Testament to the power and mastery of a movie that, nearly 60 years on, still feels as modern, complex and cutting-edge as any film released…
10 NEW TO NETFLIX
8 NEW ON BLU-RAY/DVD
Andrea Arnold's free-flowing and beautiful study of the kids in America is one of my favorite films of 2016 (my #9 if you're counting) and a film that fell just short of the attention it deserved this awards season. Sure, it popped up at the Independent Spirit Awards and I wasn't alone putting it on my top ten, but I feel like this is a film that people will catch up with more as time goes by, and be looked at very fondly in years to come. Sasha Lane and Shia LaBeouf are wonderful as two members of a caravan of magazine salespeople who make just enough money to drink and screw their way to the next stop on their road trip. The plot is loose enough to not really matter. It's about energy, movement, youth, and that idealism that often gets destroyed by adulthood and responsibility. It's about America, and it's fantastic.
Sasha Lane & Riley Keough on American Honey
As much as I wanted to like this well-intentioned drama, the first hour is just too narratively inert and Rachel Weisz's performance, as great as she usually is, simply misses the mark here. There is something rather intriguing about the number of people who have drawn parallels between the David Irving (Timothy Spall) of this film and our soon-to-be President, but that analysis doesn't completely hold either. Mick Jackson's drama is basically at its best when it's in the courtroom, focusing on how hate speech is given credence by even arguing with it. The film eventually becomes an intriguing dissection of false equivalency, and Spall and Tom Wilkinson are great, but too much of it looks like a TV movie and it lacks the directorial spark to overcome that. A decent rental, but more for the conversations it could spark than the filmmaking itself.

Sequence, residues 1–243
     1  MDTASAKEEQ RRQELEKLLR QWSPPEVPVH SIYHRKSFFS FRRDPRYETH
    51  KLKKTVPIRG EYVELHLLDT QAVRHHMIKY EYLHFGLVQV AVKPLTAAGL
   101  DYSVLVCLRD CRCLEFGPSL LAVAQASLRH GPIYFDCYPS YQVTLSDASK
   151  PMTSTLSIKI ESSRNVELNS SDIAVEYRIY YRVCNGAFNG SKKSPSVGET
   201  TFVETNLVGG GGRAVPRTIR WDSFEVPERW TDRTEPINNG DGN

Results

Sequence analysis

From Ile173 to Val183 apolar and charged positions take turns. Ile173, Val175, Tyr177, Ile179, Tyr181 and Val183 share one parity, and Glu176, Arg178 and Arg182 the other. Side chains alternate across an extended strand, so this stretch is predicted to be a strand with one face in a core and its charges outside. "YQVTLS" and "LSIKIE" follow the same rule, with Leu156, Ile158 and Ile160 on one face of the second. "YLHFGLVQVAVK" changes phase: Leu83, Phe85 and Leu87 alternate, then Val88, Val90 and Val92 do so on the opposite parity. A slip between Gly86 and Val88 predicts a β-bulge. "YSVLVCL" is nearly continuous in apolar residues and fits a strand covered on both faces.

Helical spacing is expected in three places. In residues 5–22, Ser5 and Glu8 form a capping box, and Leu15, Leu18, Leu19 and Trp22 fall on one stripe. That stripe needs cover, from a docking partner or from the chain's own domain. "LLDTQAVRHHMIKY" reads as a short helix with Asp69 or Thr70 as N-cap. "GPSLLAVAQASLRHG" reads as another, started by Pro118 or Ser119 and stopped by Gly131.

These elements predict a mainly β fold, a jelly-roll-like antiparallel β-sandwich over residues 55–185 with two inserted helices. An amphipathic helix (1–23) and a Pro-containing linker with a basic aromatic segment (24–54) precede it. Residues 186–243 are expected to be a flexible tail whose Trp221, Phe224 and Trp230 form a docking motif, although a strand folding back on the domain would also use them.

The Making of Denial
Just what the hell is Paul Schrader's latest? It starts with such a flurry of intense violence and psychedelic behavior that you expect one film. Then Schrader drains the color for a black and white sequence in a strip club and you start to wonder if it's a noir. And then it's a heist flick. And then it's an exploitation movie. Ultimately, all of these movies are kind of interesting on their own, but they never come together to form an interesting whole. Even the performances often feel like they're coming out of different films. Perhaps this is Schrader's intent—to make an incoherent film about incoherent people. But that makes for a long 90 minutes.
Nicolas Cage Video Introduction
BeyondFest Q&A with Nicolas Cage and Paul Schrader
Director Audio Commentary
Ti West's most ambitious film to date deserved a bigger audience. If there's any cinematic justice, everyone who paid for a ticket for the remake of "The Magnificent Seven" should be forced to pay for one for this flick too. It's essentially a blend of "John Wick" and classic Western tropes in that Ethan Hawke plays a man who seeks vengeance on an entire town of deplorables after the death of his dog. The supporting cast here is phenomenal, especially James Ransone and John Travolta, but it's Ti West's clever twisting of genre expectations that really elevates the overall piece. It's one of those 2016 flicks likely to develop a cult following on the home market.
Behind The Scenes of In a Valley of Violence
"The Magnificent Seven"